The public so far still does not disdain the tech oligarchs as they do Wall Street or energy firm but they are clearly threatened, both politically and in their wallets. Their once seemingly unstoppable hold of the capital markets also has started to slip somewhat as investors begin to worry about a potential decline in social media as well as technical failures undermining the value of companies like Uber, Tesla and Snapchat.

Not that the oligarchs will change their ways without coercion. Mark Zuckerberg, amid the uproar, still seems determined to block privacy protections in California or elsewhere. Facebook’s arrogance has even incited tension between the tech overlords, with Apple’s Tim Cook assaulting Mark Zuckerberg for privacy violations. The fact that Cook did this in Beijing, world capital of advanced surveillance, makes the public spanking ever more bizarre.

We need some antitrust enforcement.

BLUE WAVE? Paul Ryan-Linked PAC Sets Up Shop in Toss-Up Washington District Held by Republicans for Decades.

Washington’s 8th congressional district, which is located in the suburbs of Seattle and boasts a population of nearly 700,000 residents, is now up for grabs after Rep. Dave Reichert (R.) said he will not seek reelection. Reichert, who announced his retirement shortly after turning 67, has represented the district since 2004.

Reichert found a way to comfortably win the district even as it has swung to Democratic presidential candidates. The seven-term congressman defeated his opponent, Democrat Tony Ventrella, by nearly 21 points during the 2016 elections despite Hillary Clinton garnering 3 percent more of the vote than President Donald Trump. George H.W. Bush was the most recent Republican presidential candidate to carry the district, in 1988.

Republicans, however, have held the seat on the congressional level since the district’s creation in 1980.

Democrats only need to flip 24 seats to win back the House of Representatives and now sense an opportunity to topple Republicans at the congressional level in the 8th for the first time. Eleven Democrats entered the primary—eight remain—and the Nancy Pelosi-affiliated House Majority PAC has already purchased airtime in the district.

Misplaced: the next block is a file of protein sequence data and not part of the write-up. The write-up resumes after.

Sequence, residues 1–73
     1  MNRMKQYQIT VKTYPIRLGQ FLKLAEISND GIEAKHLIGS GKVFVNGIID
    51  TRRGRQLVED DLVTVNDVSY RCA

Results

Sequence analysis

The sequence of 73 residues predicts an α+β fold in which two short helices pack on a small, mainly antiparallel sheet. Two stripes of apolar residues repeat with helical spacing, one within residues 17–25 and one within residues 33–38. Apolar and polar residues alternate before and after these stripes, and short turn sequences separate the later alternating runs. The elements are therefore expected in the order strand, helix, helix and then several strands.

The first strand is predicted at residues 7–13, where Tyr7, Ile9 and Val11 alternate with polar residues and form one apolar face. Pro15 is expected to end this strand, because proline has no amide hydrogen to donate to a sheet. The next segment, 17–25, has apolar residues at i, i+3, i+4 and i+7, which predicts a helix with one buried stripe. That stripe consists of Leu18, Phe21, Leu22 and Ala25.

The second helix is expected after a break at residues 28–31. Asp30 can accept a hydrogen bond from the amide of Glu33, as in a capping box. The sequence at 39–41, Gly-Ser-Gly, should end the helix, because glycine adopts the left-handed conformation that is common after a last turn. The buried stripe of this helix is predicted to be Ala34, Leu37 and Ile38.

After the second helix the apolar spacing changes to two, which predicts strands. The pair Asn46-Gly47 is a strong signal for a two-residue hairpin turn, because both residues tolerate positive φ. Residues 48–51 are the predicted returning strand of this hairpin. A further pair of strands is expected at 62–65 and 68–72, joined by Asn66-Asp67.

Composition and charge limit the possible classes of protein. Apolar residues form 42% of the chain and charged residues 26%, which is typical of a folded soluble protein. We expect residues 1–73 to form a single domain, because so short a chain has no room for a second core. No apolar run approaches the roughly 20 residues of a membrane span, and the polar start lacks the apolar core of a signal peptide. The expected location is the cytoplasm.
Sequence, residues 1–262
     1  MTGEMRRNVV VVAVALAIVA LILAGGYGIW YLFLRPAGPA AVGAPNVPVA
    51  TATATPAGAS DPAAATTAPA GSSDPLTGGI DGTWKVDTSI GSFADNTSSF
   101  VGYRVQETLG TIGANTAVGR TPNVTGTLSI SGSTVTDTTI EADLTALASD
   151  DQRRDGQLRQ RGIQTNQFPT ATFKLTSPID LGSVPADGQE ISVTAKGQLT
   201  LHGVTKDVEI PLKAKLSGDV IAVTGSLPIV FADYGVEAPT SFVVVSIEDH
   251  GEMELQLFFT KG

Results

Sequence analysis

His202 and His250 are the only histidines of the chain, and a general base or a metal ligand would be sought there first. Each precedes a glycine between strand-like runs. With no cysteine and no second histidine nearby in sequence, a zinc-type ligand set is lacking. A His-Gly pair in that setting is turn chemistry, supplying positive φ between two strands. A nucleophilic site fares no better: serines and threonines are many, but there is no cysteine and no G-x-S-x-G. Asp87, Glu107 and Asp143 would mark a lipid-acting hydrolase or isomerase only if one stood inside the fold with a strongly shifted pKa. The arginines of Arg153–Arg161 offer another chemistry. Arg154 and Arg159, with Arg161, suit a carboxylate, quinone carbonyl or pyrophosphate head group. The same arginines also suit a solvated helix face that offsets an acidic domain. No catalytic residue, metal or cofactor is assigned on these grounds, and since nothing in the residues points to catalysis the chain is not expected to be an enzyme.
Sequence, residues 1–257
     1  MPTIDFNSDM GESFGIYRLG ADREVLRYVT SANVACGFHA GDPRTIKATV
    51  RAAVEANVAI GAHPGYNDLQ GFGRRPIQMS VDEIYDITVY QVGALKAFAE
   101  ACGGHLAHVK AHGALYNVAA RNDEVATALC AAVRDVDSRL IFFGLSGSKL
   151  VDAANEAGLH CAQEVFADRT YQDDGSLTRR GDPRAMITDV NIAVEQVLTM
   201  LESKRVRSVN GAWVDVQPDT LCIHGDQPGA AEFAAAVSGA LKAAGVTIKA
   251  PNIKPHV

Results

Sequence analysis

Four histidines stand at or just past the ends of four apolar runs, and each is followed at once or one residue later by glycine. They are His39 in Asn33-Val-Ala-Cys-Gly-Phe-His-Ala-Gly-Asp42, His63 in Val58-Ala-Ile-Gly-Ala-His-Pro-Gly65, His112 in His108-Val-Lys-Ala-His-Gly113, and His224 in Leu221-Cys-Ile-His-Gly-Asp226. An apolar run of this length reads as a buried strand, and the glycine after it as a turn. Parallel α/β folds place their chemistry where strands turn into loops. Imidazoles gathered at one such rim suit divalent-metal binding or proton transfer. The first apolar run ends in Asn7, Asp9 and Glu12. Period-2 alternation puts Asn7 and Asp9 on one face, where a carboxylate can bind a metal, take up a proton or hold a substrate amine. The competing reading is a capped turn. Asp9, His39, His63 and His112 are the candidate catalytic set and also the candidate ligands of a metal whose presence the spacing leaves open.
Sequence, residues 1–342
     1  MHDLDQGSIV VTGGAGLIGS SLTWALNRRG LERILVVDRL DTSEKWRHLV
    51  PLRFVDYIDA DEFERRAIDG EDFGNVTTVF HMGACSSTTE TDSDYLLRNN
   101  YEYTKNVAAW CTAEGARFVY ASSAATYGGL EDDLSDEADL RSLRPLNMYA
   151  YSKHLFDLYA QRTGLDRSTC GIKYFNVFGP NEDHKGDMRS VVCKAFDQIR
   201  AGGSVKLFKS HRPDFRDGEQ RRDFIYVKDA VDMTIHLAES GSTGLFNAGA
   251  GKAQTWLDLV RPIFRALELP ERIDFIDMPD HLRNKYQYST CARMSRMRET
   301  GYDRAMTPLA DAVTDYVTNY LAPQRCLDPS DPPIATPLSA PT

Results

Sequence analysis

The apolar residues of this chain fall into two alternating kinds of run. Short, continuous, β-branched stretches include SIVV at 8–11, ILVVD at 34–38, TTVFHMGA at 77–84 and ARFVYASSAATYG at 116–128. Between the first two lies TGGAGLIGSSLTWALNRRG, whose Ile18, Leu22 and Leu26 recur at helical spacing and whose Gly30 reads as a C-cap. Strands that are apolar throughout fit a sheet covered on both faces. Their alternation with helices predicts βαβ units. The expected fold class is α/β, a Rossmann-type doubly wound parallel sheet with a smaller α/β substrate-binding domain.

As Glenn has been saying for a while now: If you want to make a difference, spend less time on the internet and more time volunteering for a local campaign.

ADVANTAGE: VDH.

Sadly, I think Kevin Williamson will soon find that National Review was far more tolerant of his controversial views than will be true at The Atlantic. As I noted in the essay in question concerning progressives’ situational regulation, so too the Left also embraces situational free speech. Indeed, well before Williamson had even written his inaugural column, Jeffrey Goldberg, the editor of The Atlantic, had defended his hiring of Williamson on grounds that he preferred “all things being equal, to give people second chances and the opportunity to change,” and he further seemed delighted about Williamson’s promise to cease tweeting given that it would be interpreted as “a positive development and a sign of growth.”

As Derek Hunter of the Daily Caller tweets, “I want [Victor Davis Hanson] to pick my next lottery numbers. This was posted just a few hours ago.”

UPDATE: “Kevin Williamson’s firing is how you got Trump, as well as the alt-right’s near-mainstreaming. Here’s why,” Ben Shapiro writes. Read the whole thing.

MEGAN MCARDLE: What Caused The 1968 Riots? A Lack Of Respect.